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anonymous
 one year ago
What is the value of
anonymous
 one year ago
What is the value of

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DecentNabeel
 one year ago
Best ResponseYou've already chosen the best response.2\[\log _{81}\left(3\right)=\frac{1}{4}\quad \left(\mathrm{Decimal:\quad }\:0.25\right)\]

DecentNabeel
 one year ago
Best ResponseYou've already chosen the best response.2Happy:) @EllenJaz17

anonymous
 one year ago
Best ResponseYou've already chosen the best response.0how do you value that though? I have to show my work

DecentNabeel
 one year ago
Best ResponseYou've already chosen the best response.2\[\mathrm{Rewrite\:}3\mathrm{\:\in\:powerbase\:form:}\quad 3=81^{\frac{1}{4}}\] \[=\log _{81}\left(81^{\frac{1}{4}}\right)\] \[\mathrm{Apply\:the\:\log\:rule}:\quad \log _a\left(x^b\right)=b\cdot \log _a\left(x\right)\] \[\log _{81}\left(81^{\frac{1}{4}}\right)=\frac{1}{4}\log _{81}\left(81\right)\] \[=\log _{81}\left(81\right)\frac{1}{4}\] \[\mathrm{Apply\:the\:\log\:rule}:\quad \log _a\left(a\right)=1\] \[\log _{81}\left(81\right)=1\] =1/4

anonymous
 one year ago
Best ResponseYou've already chosen the best response.0\[\log_{81}(3)=x\iff 81^x=3\] so what you are trying to do is figure out how to write 3 as a power of 81 since \(\sqrt[4]{81}=3\) that tells you \[81^{\frac{1}{4}}=3\] and you have the power you are looking for

anonymous
 one year ago
Best ResponseYou've already chosen the best response.0so it's not 1/4 its 3?

anonymous
 one year ago
Best ResponseYou've already chosen the best response.0another easier example \[\log_7(49)=2\] because \(7^2=49\)

anonymous
 one year ago
Best ResponseYou've already chosen the best response.0no the answer is \(\frac{1}{4}\) let me write it again

anonymous
 one year ago
Best ResponseYou've already chosen the best response.0\[\huge \log_{81}(\color{red}x)=3\iff 81^{\color{red}x}=3\] you are trying to find \(\color{red}x\)

anonymous
 one year ago
Best ResponseYou've already chosen the best response.0you are looking for the power that you would raise 81 to to give you 3

anonymous
 one year ago
Best ResponseYou've already chosen the best response.0\[\log_2(8)=3\iff 2^3=8\] they say the same thing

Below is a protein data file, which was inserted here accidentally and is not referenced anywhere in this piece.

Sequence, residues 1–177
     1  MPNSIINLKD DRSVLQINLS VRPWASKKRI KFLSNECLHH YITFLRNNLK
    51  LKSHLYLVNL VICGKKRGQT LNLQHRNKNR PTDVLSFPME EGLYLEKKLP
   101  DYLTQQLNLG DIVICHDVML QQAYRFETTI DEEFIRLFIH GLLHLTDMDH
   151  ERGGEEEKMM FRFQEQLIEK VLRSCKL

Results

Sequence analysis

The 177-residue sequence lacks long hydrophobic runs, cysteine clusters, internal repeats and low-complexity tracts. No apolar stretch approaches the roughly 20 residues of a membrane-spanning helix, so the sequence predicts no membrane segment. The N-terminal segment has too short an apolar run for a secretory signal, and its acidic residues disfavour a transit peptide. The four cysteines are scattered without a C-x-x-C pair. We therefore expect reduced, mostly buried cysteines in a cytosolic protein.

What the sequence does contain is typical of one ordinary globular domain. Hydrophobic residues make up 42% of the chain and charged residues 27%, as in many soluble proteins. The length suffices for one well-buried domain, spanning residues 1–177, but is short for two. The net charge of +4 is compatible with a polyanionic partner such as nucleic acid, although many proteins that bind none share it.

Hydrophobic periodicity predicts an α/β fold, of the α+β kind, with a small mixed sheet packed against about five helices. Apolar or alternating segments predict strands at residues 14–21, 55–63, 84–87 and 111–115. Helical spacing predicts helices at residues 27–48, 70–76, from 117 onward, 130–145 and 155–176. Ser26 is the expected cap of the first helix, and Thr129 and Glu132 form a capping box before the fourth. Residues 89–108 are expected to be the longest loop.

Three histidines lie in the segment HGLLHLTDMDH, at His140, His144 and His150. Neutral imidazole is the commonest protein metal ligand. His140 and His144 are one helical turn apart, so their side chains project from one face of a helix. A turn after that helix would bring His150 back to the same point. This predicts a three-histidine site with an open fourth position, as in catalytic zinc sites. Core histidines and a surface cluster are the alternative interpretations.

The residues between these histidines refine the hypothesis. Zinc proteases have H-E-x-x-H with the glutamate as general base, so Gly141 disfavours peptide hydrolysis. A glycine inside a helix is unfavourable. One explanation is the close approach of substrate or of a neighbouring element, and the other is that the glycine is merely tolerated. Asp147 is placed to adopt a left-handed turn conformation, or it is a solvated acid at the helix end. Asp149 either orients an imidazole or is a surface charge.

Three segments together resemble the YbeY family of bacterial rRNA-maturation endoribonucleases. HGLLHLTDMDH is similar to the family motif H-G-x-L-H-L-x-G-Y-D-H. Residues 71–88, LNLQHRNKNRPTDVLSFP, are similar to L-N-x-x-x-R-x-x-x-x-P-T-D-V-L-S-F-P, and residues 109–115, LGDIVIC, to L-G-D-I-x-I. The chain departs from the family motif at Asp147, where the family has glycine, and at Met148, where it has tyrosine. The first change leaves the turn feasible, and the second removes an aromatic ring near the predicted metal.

anonymous
 one year ago
Best ResponseYou've already chosen the best response.0you should be able to switch back and forth quickly

anonymous
 one year ago
Best ResponseYou've already chosen the best response.0the only tricky part of this one was recognizing that 3 is the fourth root of 81

anonymous
 one year ago
Best ResponseYou've already chosen the best response.0.sorry catching up was getting something to drink

anonymous
 one year ago
Best ResponseYou've already chosen the best response.0I prefer straight tequila, gets the job done quick lol

anonymous
 one year ago
Best ResponseYou've already chosen the best response.0no beer chaser? dang!

anonymous
 one year ago
Best ResponseYou've already chosen the best response.0oops do you get that \(2^5=32\) says the same thing as \(\log_2(32)=5\) ?

anonymous
 one year ago
Best ResponseYou've already chosen the best response.0how would i apply that to find this value in my question?

anonymous
 one year ago
Best ResponseYou've already chosen the best response.0so if you were trying to solve \[\log_2(32)=\color{red}x\] you would be trying to solve \[2^{\color{red}x}=32\]

anonymous
 one year ago
Best ResponseYou've already chosen the best response.0you have \[\log_{81}(3)=\color{red}x\] you have to solve \[81^{\color{red}x}=3\]

anonymous
 one year ago
Best ResponseYou've already chosen the best response.0since \(\sqrt[4]{81}=x\) that is the same think as saying \(81^{\frac{1}{4}}=3\)

anonymous
 one year ago
Best ResponseYou've already chosen the best response.0ooops i means "since \(\sqrt[4]{81}=3\)

anonymous
 one year ago
Best ResponseYou've already chosen the best response.0now you have the power you are looking for , that power is \(\frac{1}{4}\) therefore since \[81^{\frac{1}{4}}=3\] it is the same as saying \[\log_{81}(3)=\frac{1}{4}\]

anonymous
 one year ago
Best ResponseYou've already chosen the best response.0Ok i kinda get it lol

anonymous
 one year ago
Best ResponseYou've already chosen the best response.0yeah it is confusing at first a simpler example is it clear that \(10^4=10,000\)?
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